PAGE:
As you might imagine, when you confine several talented comedic actors who are used to be the center of attention on a television set for months — or even years — on end, you’ve got an environment perfect for practical jokes. Many television co-stars end up developing meaningful friendships, but just as many tend to develop serious animosity toward one another after working in close quarters for so long. Of course, there’s always the dynamic where one person is having a ton of fun — at someone else’s expense!
While The Andy Griffith Show was certainly a set that produced some genuine and long-lasting friendships, star Andy Griffith was a prankster — and one particular co-star took the brunt of his antics.
‘The Andy Griffith Show’ is a classic
The Andy Griffith Show premiered way back in 1960 on CBS. It’s hard to believe, but the beloved classic television show is now 60 years old! Iconic references to Mayberry live on, however, showing that this series had some real staying power and cultural impact. The fictional town where everything seemed to go right was a welcome reprieve from the political turmoil and headline-grabbing breaking news that was working its way across the country — something modern-day viewers might recognize. In fact, Andy Griffith himself even went so far as to call the little town the real star of the show: “Mayberry really was the star of the show.” The show’s producer actually said one time, ‘I think we misnamed this show. It should’ve been called ‘Mayberry’ to start with.’”
The series ran for eight seasons before finally concluding in 1968. In that time, fans had grown attached to widower town Sheriff Andy Taylor (played by Griffith) and his son Opie as well as Aunt Bee and Deputy Barney Fife. These characters’ names and their personalities live on in pop culture fame because they became so enmeshed in Americana.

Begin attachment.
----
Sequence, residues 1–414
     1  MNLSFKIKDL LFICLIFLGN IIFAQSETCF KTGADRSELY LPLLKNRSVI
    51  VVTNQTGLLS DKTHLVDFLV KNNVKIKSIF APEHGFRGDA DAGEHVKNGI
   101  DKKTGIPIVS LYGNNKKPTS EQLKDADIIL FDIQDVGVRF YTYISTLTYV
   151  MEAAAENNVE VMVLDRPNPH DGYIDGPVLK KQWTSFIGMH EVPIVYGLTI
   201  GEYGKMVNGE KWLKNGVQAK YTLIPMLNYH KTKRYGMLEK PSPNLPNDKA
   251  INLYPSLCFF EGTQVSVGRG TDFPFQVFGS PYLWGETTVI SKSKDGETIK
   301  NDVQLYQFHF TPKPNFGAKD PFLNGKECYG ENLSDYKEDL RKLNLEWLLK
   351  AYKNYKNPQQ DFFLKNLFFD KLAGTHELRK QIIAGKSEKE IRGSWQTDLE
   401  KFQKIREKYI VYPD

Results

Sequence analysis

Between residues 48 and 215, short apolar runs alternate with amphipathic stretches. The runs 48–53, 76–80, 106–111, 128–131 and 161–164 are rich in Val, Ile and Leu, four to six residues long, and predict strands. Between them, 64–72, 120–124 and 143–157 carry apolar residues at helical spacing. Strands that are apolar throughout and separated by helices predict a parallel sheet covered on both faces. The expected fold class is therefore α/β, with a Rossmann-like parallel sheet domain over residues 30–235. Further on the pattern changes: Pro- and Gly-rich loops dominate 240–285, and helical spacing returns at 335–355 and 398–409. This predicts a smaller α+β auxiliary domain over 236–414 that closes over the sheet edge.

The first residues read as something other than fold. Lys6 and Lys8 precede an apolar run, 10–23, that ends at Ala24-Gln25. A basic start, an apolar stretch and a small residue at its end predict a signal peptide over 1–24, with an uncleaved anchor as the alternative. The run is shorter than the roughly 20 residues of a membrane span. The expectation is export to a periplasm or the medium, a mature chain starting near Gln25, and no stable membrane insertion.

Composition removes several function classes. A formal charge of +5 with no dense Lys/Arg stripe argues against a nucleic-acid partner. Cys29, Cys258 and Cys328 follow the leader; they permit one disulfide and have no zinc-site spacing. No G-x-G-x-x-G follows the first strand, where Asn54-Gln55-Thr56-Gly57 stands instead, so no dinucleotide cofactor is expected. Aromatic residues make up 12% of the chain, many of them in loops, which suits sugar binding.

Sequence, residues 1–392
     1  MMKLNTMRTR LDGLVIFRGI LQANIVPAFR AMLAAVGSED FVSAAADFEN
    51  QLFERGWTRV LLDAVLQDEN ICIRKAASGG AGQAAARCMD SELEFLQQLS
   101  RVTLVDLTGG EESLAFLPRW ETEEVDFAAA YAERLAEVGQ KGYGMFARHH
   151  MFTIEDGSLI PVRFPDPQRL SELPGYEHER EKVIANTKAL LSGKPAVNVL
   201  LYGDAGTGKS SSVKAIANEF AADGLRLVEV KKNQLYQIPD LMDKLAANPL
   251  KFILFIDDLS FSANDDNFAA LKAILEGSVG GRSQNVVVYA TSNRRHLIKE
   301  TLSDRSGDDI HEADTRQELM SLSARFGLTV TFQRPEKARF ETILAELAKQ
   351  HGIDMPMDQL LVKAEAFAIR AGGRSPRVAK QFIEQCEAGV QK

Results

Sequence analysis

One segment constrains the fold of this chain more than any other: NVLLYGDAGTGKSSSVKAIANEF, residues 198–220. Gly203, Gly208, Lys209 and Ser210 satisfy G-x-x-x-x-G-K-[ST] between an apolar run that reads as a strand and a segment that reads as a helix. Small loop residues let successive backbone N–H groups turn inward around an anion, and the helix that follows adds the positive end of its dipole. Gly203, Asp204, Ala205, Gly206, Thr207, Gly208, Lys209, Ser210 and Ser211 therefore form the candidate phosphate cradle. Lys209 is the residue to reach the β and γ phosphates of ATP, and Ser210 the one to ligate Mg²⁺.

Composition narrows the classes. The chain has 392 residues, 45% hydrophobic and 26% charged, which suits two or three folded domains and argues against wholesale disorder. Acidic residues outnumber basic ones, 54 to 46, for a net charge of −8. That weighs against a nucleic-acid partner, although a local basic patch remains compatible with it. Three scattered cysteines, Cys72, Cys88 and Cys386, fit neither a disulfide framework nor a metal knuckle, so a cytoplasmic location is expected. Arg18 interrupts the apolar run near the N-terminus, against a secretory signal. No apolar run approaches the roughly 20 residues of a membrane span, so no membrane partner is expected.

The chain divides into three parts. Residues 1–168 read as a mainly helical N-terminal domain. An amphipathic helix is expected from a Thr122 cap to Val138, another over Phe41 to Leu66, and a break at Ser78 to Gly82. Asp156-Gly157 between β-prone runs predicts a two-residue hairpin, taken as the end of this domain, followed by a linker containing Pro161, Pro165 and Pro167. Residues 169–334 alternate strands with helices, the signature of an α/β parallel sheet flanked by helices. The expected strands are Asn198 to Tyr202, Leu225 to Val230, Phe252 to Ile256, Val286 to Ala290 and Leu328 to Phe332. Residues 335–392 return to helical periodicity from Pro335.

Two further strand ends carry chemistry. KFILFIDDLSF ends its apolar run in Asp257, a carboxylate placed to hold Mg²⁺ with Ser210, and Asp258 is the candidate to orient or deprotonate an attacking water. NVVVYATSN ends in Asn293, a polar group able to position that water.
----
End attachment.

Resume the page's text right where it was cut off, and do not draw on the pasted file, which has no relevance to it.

There was trouble on the set of ‘The Andy Griffith Show’
The show is remembered wistfully as a portrayal of life as it ought to be with very few conflicts that couldn’t be resolved by the end of an episode. In real life, though, there was trouble brewing between two of the co-stars on the set. The actor who portrayed Aunt Bee was notoriously difficult to work with, and Frances Bavier brought that signature complication onto the set. Griffith, ever the professional, did not speak publicly about the troubles, but he did mention that Bavier once called him when she was close to her death and apologized years later for the problems she’d caused, according to KEKB.
Meanwhile, fans might have suspected tensions between Griffith and the actor who portrayed Barney Fife, Don Knotts. After all, the characters had an incredibly strange dynamic with one another, and the work they did was so dependent upon one another. Knotts actually ended up leaving the show after five seasons, but it turns out the entire thing was a misunderstanding. Griffith owned about half of the show, and Knotts owned none of it. When Knotts’ five-year contract ended, he asked for an ownership stake, which Griffith misinterpreted as a request for half of his own claim. When he refused, Griffith took his talents elsewhere.
Andy Griffith was a jokester on set
While there may have been a disappointing end to their professional relationship on the set, Griffith and Knotts spent years working together and having a good time. The dynamic was charged with jokes, and it was primarily a one-way street. Griffith was a notorious jokester, and Knotts was the most common target of his antics.
According to Biography, Griffith consistently got under Knotts’ skin by calling him “Jess,” which was short for Jesse, Knotts’ given first name. While Knotts’ on-screen portrayal of Barney Fife was one of silly, high-strung energy, Knotts himself was a generally cool and collected guy, so Griffith delighted in throwing him off his calm demeanor. From stealing Knotts’ shoe to stringing duck guts around the dressing room, Griffith gave the actor plenty to lose his cool over!
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